Wonderland.

NEW NOISE: SOFIA OXENHAM – “EXTRAORDINARY”

The rising star sheds light on her start in acting, hailing from Cornwall, and starring in a new Disney+ show.

Photography by Joseph Sinclair

Photography by Joseph Sinclair

Sofia Oxenham is quickly rising through the ranks as one to watch. Propelled into her career by the prestigious drama school RADA in 2017, Oxenham has been on the up and up since then. As a lead in the last season of the period drama Poldark, a regular in the Netflix show Cursed, and starring in the Amazon show Soulmates – the young actress has already been around the block.

A far cry from her seaside Cornish roots, the young actress is set to star in the much-anticipated Disney+ show Extraordinary – which is a feat of supernatural powers, and chuckle-inducing antics. Oxenham is set to play the co-lead Carrie, who harbours the powers of summoning the dead. This doesn’t help her inherently introverted nature, as the dead overshadow her a lot of the time. Her best friend, Jen, is seen as the hero – and Carrie is the trusty aide.

Set to release super soon, January 25th, Oxenham is gearing up for a new wave of fans. Luckily for us, we got the chance to sit down with the rising star and talk to her all things acting. From her Cornish roots, and the heavyweight talent at RADA, to preparing for her role in Extraordinary – we covered it all.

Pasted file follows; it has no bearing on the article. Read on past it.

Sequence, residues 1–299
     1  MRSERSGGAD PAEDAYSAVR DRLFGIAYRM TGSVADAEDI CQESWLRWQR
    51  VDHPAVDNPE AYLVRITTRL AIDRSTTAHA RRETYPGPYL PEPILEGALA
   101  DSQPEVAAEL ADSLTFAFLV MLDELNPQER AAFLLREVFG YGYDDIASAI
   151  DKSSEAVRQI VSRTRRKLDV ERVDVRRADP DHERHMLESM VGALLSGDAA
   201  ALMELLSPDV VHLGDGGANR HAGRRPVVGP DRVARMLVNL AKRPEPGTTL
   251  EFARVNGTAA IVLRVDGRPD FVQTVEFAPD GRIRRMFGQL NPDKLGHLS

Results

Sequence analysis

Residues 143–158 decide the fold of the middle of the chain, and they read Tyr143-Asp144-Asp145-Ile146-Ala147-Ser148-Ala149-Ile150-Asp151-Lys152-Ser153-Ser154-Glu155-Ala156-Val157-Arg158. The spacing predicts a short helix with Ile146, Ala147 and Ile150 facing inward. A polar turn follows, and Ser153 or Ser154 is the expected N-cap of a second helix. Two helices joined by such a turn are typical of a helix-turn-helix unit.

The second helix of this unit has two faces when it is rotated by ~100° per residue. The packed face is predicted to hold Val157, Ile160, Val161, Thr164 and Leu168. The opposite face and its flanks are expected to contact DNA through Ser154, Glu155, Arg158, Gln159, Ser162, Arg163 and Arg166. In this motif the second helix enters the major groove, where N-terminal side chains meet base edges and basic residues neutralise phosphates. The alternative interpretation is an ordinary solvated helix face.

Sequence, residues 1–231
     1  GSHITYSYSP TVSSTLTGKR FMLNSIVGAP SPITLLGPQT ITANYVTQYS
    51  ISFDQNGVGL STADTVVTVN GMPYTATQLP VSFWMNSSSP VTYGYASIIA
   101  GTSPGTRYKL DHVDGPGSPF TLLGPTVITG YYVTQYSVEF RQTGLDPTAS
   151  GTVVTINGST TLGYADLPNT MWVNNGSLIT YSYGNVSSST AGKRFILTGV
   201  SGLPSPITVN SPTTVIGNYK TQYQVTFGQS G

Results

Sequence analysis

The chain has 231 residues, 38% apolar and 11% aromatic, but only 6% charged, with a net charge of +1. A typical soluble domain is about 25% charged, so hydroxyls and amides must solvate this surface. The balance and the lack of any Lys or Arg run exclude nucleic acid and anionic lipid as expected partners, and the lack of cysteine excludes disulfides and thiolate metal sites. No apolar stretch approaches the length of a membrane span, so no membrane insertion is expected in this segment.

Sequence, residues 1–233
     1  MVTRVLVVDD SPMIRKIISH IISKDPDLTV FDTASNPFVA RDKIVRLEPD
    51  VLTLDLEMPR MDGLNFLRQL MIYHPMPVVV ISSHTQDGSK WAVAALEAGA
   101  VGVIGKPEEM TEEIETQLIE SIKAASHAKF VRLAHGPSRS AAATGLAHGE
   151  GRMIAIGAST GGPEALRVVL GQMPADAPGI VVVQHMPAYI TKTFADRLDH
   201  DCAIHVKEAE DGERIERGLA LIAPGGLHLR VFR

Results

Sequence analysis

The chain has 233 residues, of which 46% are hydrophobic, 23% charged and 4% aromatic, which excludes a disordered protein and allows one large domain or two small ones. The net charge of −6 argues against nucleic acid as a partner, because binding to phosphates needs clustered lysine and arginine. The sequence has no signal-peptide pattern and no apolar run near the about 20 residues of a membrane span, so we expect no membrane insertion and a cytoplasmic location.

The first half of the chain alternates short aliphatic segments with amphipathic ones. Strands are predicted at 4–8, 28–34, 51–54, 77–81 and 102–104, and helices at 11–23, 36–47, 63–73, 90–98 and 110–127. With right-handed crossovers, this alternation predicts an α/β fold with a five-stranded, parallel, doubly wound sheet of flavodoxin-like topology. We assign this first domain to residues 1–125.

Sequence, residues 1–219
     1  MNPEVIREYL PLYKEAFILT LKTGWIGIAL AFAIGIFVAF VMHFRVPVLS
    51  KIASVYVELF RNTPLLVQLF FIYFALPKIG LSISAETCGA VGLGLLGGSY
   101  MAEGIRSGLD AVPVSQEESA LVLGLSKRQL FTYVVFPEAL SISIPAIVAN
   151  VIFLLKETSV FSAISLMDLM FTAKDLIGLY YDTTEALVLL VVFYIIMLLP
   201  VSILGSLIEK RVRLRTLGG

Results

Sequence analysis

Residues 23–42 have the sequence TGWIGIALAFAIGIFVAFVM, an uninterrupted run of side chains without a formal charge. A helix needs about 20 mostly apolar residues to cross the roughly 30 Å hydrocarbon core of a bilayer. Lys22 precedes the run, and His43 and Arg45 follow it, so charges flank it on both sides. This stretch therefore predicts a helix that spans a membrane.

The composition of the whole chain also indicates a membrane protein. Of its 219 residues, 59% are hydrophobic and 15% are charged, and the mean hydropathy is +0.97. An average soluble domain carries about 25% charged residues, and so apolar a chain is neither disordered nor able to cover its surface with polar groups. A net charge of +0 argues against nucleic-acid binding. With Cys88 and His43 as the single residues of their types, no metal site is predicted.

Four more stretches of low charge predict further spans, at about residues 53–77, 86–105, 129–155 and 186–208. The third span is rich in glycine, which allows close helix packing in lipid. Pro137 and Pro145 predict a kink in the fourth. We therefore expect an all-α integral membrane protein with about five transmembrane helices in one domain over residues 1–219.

Head below for the interview…

Hi Sofia! How are you?

Hey Wonderland I am really well thank you…Hope you are too!

Can you talk us through how you got your start in acting?

My very first taste was in a school Christmas play called Whoopsy Daisy Angel. I was five and only got the role at the last minute when the original angel got stage fright! Then after watching my older brother in school plays and thinking how much fun it looked, I decided to do the same and joined a local drama club. I think it was about that time I figured this was something I really wanted to pursue.

Congratulations on your up and coming role on Disney Plus’ ‘Extraordinary’! Would you deem this role your big break?

Thank you so much. Who knows? I feel like big breaks are something of a myth and you never really know if it was your big break until years later. All I know is that I had an absolute blast making this show, and it was such a joy from start to finish. I feel so lucky to have worked with such an incredible team and inhabit the world in which Emma Moran created.

Who was the first person you told when you found out you would be playing the role of ‘Carrie’?

I remember I had had the last audition on a Thursday and then we were told we probably wouldn’t find out until Monday morning – which was agony… I was out with some friends about to go see a concert in Ally Pally when my agent rang. I wasn’t allowed to tell anyone until the Monday, so I had to (try) and keep my lips sealed but I did phone my mum and tell her. She had helped me with the very first self-tape for it months previously and had also loved the script!

Are there any parts of you that resonate with your new character?